Celestial Air Navigation Text

Office of the Chief of the Air Corps

Year: 1937

Randolph Field Printing Office - March 1, 1937 - 3500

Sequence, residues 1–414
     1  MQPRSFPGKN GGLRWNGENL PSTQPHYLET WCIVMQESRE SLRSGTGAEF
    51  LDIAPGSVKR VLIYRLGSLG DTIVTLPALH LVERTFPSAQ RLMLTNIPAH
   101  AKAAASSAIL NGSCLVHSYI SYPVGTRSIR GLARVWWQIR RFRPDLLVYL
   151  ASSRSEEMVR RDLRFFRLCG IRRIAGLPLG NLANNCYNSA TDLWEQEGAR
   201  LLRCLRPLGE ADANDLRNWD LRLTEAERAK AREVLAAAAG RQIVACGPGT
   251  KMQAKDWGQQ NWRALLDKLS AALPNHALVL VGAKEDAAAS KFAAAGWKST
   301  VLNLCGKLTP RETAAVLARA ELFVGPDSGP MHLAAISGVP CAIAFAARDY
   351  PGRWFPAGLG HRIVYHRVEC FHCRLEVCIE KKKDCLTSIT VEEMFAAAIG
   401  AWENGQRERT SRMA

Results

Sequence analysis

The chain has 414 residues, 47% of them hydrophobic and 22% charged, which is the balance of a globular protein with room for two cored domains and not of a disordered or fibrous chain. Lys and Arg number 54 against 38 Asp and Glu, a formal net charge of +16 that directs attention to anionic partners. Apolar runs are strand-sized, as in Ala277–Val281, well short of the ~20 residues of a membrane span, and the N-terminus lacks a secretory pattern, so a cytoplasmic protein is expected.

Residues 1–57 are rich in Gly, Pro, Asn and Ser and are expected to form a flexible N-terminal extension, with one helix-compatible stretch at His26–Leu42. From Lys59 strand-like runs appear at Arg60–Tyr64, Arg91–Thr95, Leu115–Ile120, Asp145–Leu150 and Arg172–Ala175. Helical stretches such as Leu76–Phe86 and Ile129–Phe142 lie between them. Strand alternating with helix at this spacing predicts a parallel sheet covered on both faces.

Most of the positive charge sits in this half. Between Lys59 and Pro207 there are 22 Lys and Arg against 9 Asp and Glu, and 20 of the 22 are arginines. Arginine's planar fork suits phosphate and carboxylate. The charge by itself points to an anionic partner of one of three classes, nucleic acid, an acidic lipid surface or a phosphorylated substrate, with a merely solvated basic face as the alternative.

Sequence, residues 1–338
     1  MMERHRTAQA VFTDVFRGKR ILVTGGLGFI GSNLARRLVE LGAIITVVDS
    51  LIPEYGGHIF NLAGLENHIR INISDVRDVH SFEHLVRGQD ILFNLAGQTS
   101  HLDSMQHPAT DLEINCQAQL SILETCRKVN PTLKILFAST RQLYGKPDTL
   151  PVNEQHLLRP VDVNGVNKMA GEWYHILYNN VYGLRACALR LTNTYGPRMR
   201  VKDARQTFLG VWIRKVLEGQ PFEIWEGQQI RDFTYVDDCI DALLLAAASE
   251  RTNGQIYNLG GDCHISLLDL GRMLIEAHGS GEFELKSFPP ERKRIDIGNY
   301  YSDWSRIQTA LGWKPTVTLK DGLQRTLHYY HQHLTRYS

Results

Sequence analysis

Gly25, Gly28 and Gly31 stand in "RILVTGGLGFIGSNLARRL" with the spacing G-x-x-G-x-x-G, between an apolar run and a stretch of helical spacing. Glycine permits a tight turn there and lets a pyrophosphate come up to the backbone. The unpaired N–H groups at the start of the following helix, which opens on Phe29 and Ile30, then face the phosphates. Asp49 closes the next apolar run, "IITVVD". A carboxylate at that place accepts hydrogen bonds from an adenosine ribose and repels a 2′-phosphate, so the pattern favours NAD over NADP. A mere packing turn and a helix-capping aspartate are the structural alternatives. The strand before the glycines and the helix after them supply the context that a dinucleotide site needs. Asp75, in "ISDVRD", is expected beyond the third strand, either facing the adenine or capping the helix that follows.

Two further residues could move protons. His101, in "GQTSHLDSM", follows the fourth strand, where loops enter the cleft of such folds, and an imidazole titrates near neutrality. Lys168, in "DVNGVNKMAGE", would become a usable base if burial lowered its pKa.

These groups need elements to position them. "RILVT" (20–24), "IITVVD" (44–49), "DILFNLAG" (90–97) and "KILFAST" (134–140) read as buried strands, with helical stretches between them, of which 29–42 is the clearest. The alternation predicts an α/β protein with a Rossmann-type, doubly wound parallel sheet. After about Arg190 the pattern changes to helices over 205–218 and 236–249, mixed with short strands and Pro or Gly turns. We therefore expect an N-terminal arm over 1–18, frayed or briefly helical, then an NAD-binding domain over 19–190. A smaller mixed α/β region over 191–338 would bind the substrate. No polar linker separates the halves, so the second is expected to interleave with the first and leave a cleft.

Celestial Air Navigation Text, Office of the Chief of the Air Corps,